DEVELOPERS have been urged to “get a move on” and build nearly a thousand homes given the go-ahead by planning chiefs.

A housing crisis in Brighton and Hove means more than 20,000 people are waiting for housing across the city – and the number is increasing each day.

Planning permission has been granted for 828 homes but building has yet to start and a further 1,510 homes given the green light have been started but are yet to be completed.

Developers have been accused of stalling developments in a bid to reap bigger profits as the housing market booms.

Andy Winter, chief executive of Brighton and Hove Housing Trust, said: “I am sure that there is a wide consensus that, given the housing crisis in Brighton, every opportunity should be taken to provide new homes for purchase and rent.

“If any developer is sitting on land waiting for prices to increase further in order to maximise their profits, my message to them would be: move over and let others deliver the homes we so urgently need in Brighton and Hove.”

Conservative councillor Lynda Hyde said: “It is good news that over 1,500 new homes will be coming on to the market in the near future but I would hope that developers can get building these additional 828 as soon as possible.

“Not least because the council has just put the city’s valuable green ‘urban fringe’ under threat by identifying sites there for a potential extra 1,200 new homes, which it says are necessary to placate the Government’s planning inspector.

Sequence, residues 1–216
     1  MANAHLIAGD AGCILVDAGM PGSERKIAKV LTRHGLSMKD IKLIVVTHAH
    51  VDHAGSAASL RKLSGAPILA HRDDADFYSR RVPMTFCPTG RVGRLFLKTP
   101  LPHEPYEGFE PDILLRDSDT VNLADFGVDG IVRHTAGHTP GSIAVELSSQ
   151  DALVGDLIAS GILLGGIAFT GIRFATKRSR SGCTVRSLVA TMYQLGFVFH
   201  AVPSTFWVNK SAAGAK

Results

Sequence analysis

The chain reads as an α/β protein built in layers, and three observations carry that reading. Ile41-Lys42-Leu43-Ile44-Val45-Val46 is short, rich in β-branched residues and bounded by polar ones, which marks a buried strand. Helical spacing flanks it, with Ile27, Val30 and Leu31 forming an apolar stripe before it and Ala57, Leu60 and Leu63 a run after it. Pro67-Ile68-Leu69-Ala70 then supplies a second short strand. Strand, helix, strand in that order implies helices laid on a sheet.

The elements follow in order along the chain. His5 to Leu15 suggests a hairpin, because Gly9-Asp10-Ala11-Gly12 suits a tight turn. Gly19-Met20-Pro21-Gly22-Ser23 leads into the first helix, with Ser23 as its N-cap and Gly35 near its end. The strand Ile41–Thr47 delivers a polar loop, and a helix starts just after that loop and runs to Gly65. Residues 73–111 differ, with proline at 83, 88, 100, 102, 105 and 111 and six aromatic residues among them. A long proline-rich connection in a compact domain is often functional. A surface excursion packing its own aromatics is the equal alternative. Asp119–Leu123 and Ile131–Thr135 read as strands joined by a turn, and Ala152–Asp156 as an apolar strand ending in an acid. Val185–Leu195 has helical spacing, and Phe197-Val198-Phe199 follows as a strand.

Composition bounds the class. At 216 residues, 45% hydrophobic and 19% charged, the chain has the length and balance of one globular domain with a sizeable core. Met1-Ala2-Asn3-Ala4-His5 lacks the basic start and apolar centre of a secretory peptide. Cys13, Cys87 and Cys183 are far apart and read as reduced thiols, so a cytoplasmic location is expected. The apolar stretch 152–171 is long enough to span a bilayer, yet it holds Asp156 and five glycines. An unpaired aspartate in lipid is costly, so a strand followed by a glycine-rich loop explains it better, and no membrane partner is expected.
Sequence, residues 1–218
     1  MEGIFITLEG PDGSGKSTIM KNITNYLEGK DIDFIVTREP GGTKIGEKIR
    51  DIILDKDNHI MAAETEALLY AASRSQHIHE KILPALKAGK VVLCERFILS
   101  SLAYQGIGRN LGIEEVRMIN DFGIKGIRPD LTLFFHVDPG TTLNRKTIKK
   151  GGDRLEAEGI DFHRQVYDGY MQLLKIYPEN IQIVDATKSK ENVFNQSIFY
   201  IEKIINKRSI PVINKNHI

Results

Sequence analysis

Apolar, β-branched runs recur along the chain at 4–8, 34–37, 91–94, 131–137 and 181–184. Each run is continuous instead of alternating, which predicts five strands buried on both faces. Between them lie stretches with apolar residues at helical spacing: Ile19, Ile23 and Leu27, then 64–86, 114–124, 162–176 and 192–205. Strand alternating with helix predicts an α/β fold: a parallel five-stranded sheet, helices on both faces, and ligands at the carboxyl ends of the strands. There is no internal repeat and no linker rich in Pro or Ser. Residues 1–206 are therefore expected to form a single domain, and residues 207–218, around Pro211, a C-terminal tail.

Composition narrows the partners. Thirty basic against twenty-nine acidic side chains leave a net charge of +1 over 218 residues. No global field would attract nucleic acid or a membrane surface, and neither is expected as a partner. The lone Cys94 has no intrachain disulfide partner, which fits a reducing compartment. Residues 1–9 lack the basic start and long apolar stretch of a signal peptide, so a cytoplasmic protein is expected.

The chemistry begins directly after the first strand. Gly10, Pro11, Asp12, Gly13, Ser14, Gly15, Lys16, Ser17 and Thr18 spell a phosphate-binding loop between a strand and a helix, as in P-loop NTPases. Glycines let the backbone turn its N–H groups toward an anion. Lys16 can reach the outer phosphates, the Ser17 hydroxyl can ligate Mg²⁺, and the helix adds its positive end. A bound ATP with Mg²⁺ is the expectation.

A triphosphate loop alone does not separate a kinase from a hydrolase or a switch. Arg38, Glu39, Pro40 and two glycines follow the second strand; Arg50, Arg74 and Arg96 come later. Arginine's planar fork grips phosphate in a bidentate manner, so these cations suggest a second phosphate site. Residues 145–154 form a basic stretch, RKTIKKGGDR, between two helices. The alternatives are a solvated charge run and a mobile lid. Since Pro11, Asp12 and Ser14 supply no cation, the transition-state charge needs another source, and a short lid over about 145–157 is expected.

“However, these 828 homes that already have planning permission are all on previously developed brownfield sites. We believe brownfield sites should always be developed wherever possible before greenfield ones are even considered.”

Brighton and Hove City Council did not want to comment on the figures – but advised that developers must commence construction within three years of being granted planning permission.

Labour leader Warren Morgan said his party was “fully in favour” of measures that ensured housing was built on brownfield sites.

He added: “That’s why Labour nationally have pledged to take action against developers hoarding land and I welcome the fact that the local Conservative group have recognised this as one of the issues behind our housing crisis.

“The Conservative government is all in favour of building more houses, but to benefit developers not those looking for affordable homes. We want to see more of these new houses going to local people on average or low incomes, not buy-to-rent landlords and people escaping soaring house prices in London.”